Yet it seems that the most interesting films of the competition are so-called Bildungsroman – the stories about maturing.
House of Hummingbird (Grand Prix of the Berlinale parallel program Generation 14plus) is a film adaptation of the autobiographical novel by Kim Bora, performed by the author. Time – mid-90s, place – Korea in times of building fever outbreak, the lead character – 14-year-old Eun-hee (Park Ji-hu). She is a real hummingbird, she flies through life, trying to catch more pleasure. Her home – a mixture of prison and madhouse: her parents always argue, sister and brother are no less rude and scandalous. Eun-hee has only her city which brings her forbidden pleasures, first love and the sense of freedom which seems unusual after the long-lasting dictatorship. A girl, who becomes adult too early and a traumatic city – nothing good can happen from this merge but it is difficult to come off from this piercing story.
Former documentary director, 36-year-old Nora Fingscheidt is currently considered one of the main hopes of the German cinema. In Berlinale, it was proved by Silver Bear Alfred Bauer Prize for a film which opens new perspectives in the cinema art. The film matches the title: System Crasher. Its little protagonist – 9-year-old Benni – makes not little troubles (Helena Zengel conducts a titanic work). She is scandalous. Screeching. Endlessly aggressive. Schools and children’s homes boot her out as an embodiment of nightmare. Her mother, soft and compliant, doesn’t know what to do. Nobody knows. Nora Fingscheidt learned in-depth the topic of uncontrolled children. She tests the system of German pedagogy not without humour and stress, worthy of the best thrillers. And – her biggest mastery – love always wins.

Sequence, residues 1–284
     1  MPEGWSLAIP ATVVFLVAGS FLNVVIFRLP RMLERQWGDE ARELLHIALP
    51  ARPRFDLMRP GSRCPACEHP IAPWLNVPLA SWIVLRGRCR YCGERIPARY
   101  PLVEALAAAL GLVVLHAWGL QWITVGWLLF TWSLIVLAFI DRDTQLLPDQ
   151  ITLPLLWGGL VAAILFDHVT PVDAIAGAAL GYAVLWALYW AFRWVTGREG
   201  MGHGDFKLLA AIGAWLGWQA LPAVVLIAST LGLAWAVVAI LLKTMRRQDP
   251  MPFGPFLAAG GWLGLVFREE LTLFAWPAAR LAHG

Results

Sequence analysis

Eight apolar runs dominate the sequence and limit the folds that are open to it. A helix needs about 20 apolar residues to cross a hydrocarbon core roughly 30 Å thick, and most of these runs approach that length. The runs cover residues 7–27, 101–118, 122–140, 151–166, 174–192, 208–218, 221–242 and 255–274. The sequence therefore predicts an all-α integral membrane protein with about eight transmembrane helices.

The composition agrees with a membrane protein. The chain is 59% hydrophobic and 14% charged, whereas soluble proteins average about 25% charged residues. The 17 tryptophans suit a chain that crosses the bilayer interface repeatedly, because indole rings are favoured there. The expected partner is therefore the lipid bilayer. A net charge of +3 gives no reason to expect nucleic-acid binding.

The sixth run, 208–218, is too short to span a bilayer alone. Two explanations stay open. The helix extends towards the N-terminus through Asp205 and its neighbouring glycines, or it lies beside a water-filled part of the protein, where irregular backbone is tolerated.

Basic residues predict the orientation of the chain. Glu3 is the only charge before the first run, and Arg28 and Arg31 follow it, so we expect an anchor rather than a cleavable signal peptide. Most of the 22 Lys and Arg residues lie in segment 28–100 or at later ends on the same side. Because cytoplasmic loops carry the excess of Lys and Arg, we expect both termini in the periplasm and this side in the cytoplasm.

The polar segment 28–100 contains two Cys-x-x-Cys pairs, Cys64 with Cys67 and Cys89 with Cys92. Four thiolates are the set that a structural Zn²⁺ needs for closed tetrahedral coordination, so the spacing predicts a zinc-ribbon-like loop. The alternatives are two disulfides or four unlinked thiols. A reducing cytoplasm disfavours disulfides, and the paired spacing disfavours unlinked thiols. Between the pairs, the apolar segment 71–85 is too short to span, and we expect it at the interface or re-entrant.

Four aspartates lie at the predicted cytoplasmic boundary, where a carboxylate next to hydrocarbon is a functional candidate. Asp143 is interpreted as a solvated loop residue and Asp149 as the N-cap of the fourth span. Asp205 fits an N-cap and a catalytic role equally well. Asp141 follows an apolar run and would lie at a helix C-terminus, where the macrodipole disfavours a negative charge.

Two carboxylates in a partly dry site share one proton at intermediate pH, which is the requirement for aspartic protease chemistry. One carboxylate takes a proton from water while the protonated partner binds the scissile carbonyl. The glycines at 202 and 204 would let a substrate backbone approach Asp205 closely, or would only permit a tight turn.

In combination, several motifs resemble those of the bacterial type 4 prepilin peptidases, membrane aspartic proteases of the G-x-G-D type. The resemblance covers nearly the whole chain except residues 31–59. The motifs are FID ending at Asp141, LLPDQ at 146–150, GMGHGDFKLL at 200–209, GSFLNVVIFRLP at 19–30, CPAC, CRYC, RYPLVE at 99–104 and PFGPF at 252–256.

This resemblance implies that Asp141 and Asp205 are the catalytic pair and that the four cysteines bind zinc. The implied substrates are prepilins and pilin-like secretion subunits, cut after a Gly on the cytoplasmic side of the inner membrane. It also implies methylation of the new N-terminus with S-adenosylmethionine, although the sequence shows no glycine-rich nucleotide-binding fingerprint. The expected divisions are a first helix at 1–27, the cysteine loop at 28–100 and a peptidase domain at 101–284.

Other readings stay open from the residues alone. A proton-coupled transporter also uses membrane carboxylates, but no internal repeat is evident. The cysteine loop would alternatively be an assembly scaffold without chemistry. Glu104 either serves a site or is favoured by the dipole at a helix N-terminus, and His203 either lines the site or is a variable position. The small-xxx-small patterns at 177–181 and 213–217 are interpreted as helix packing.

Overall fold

The Molodist Festival has not yet finished but one anxious tendency is noticed, that should be spoken out already now. It is tiredness. After all, talking about The Molodist Festival, we, first of all, mean Andriy Khalpakhchi, its constant leader for the past 29 years. It is he who is tired. The whole festival machine lies on his shoulders, his bonds, his charisma. One person can’t make the right decisions all the time. Partial loss of audience is only one of the causes. Possible change of the leadership seems not so remote prospect. Will Molodist overcome it? Will it bring back its spectators? Its charm of cinematographic sensation, the atmosphere of the holiday of youngsters?
Questions are increasing. But they remain unanswered.
Dmytro Desyateryk, The Day – specially for opinionua.com